• Breakfast with a Psychic

    On campus (thanks to my advising of the UCO Skeptics) I am known as the resident skeptic of the paranormal/alt-med/psi/all things kooky. This means that I get funneled quite a few folks with, shall we say, unconventional beliefs and personal experiences. This past week, I had a really interesting encounter that I thought might prove instructional to some of you.

    It started with an email to my campus address from a fellow we’ll call Jim. Jim had been given my email by one of the administrative assistants in my college when he inquired about any professors who knew about psychic powers. Jim’s email to me started off quite appropriately, giving basically the information you just read. Then, however, things started to get a bit odd. Jim wrote that “I had to contact someone to try and find help. I am not sure how much longer I will be able to hide my abilities from my commanding officers. Can we meet in person?”

    Lack behind statue
    My usual face when asked “Would you like to have breakfast with a psychic?”

    Some of you may be surprised by my response, which was essentially “Certainly, when and where?” Part of my job description is to perform service and outreach in the community, and I think this certainly would count as that. Also, I’m a naturally curious person, so I wanted to hear the rest of this fellow’s story.

    We met for breakfast the middle of last week. Jim appeared quite nervous initially, although he calmed down a bit once we began talking and I showed I wasn’t there to just call him “crazy” or make fun of him. Turns out, I didn’t even have a chance to think or do either because of how fascinating his story was.

    Being in clinical psychology, I tend to be sympathetic towards people suffering from mental illness, be it a mild depressive episode or severe psychosis. I’ve been fortunate enough to have a very wide variety of experiences with people who would qualify for almost every disorder in the DSM, and am quite good at diagnostic work. Although I rely on evidence-based methods to help pin down proper diagnoses, I have enough experience doing structured observations and interviews that I can reliably place people in a broad diagnostic category (e.g., mood or psychotic disorders) fairly easily.

    The reason I say this is to forestall any incredulousness you may have when you read the rest of this story. I would stake my reputation on the fact that Jim was not suffering from any mental illness when we met, and did not appear to have suffered from any form of it in the past either. His interactions with me and story did not display any characteristics of paranoia, delusional thinking, or hallucinations. Jim was as sane as you or I (well, as me at least. I’m not sure about you….).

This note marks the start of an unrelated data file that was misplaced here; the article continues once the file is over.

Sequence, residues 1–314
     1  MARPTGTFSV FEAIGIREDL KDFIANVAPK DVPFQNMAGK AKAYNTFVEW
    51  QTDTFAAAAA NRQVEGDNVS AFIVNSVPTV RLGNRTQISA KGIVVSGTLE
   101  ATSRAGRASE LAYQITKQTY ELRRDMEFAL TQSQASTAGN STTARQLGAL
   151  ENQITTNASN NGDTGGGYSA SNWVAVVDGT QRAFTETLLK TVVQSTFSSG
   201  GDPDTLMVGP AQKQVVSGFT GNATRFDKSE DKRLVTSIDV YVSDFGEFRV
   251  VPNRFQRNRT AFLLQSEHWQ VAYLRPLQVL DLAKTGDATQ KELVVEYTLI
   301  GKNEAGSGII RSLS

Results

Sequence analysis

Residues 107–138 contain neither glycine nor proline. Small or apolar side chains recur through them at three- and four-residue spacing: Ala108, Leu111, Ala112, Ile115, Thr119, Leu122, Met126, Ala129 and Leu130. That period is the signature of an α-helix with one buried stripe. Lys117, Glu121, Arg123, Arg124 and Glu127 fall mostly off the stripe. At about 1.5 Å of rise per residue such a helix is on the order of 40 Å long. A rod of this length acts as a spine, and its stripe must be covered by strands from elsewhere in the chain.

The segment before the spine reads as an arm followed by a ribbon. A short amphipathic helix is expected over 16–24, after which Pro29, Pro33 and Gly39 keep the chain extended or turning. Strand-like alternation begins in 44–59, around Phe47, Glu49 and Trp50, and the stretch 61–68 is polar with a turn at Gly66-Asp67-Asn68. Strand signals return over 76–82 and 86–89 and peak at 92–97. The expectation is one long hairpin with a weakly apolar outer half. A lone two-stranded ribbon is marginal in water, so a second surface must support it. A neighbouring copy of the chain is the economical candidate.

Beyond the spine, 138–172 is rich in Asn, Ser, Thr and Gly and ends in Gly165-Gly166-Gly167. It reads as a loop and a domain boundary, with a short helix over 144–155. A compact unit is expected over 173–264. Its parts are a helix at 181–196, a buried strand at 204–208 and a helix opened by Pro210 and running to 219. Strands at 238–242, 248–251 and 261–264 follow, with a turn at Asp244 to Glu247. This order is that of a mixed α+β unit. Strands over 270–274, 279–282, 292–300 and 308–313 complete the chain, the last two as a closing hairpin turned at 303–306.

As he began telling me a bit about himself, I learned more and more about what an amazing individual Jim is. An active officer in a branch of the US military, Jim has been a career, top-notch solider for the better part of 30 years. He is a decorated veteran of both Gulf Wars and Afghanistan. He is also, reportedly, “gifted” with both healing and precognitive powers. During our breakfast, Jim described several instances where he had sped up the healing process for one of his fellow combatants or had even stopped someone from bleeding out on the battlefield by applying basic combat medicine plus using his “gifts.” He also gave several examples of his ability to get “glimpses” (his word) into the future, including avoiding certain roads while in Iraq that later turned out to have had IEDs in them.

    Obviously, as a scientific skeptic, I was able to discuss with him why I would be doubtful that these were truly psychic powers. We talked about intuition, the confirmation bias, and how people who had their “powers” tested under controlled conditions failed to do any better than chance at various precognitive tasks. Jim asked me what evidence that I personally would have to see to come to believe in psychics, a question I hear somewhat frequently. So, I discussed what it means for me to be a skeptic (keeping an open mind, but not so open that my brain falls out), why we as humans can’t just trust our brains, and how I rely on empiricism and evidence to guide my beliefs and actions.